In a recent article, “Graffiti with a Purpose: Sexual Violence & Social Justice Conversations in University Bathroom Stalls” in the Journal of Qualitative Criminal Justice and Criminology, researchers examined graffiti on public information posters on sexual violence to assess several issues including efficacy.
In 2014, Indiana University began posting educational fliers in bathroom stalls across campus in order to share resources and policies on sexual violence, which spurred numerous forms of graffiti commentary about sexual violence prevention and response.
Since some scholars have argued that bathroom graffiti can be a unique form of social commentary, and even resistance, facilitated by the tension of doing semi-private things in semi-public spaces, Dr. Rasul Mowatt, associate professor at the Indiana University School of Public Health – Bloomington and his research team (which included Ms. Rachel E. Green and Drs. Miriam Northcutt Bohmert, Amanda N. Gesselman, Jennifer Maher, and Justin R. Garcia) examined 429 bathroom stall fliers across 11 heavily trafficked campus buildings, and a total of 177 graffiti comments/images.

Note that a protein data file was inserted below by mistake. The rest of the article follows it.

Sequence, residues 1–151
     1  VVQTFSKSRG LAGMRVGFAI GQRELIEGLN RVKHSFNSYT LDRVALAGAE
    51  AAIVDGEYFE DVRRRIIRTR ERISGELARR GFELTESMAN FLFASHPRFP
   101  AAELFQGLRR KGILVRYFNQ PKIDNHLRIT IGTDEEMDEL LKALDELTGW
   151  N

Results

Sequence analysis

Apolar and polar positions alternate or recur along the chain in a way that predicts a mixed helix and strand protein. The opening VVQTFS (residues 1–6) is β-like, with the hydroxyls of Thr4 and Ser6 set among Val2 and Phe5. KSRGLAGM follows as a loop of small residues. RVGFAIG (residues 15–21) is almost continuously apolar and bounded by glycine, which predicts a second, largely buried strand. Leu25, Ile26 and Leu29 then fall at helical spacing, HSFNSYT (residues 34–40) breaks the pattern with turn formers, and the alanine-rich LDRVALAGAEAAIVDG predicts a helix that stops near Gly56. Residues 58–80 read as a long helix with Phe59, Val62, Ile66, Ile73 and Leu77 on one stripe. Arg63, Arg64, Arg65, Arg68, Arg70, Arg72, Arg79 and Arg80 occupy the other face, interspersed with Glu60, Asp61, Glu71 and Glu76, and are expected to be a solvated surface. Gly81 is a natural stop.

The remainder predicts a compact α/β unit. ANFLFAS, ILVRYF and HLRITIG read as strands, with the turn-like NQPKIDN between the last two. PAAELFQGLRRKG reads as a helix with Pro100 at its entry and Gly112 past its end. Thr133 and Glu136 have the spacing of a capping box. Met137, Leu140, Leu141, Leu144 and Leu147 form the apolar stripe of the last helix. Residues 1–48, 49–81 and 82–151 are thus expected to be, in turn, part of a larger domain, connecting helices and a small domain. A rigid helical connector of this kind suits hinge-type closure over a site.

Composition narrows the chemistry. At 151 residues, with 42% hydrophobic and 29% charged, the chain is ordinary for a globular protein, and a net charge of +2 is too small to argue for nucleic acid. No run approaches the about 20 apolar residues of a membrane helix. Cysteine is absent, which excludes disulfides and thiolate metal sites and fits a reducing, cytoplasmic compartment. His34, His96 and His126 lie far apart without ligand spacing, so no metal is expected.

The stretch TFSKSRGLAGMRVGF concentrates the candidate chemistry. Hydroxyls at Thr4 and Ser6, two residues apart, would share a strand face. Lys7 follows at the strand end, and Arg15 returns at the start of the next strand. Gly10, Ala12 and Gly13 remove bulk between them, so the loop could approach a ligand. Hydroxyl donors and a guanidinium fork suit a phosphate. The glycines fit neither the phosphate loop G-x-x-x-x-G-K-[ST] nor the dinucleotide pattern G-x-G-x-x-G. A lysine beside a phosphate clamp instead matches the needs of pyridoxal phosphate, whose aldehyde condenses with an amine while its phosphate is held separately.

They then analyzed the relationships between comments in order to answer research questions about the content of messages, if symbolic support was provided therein, and whether these messages about sexual violence suggested a need for further structural change at the university level.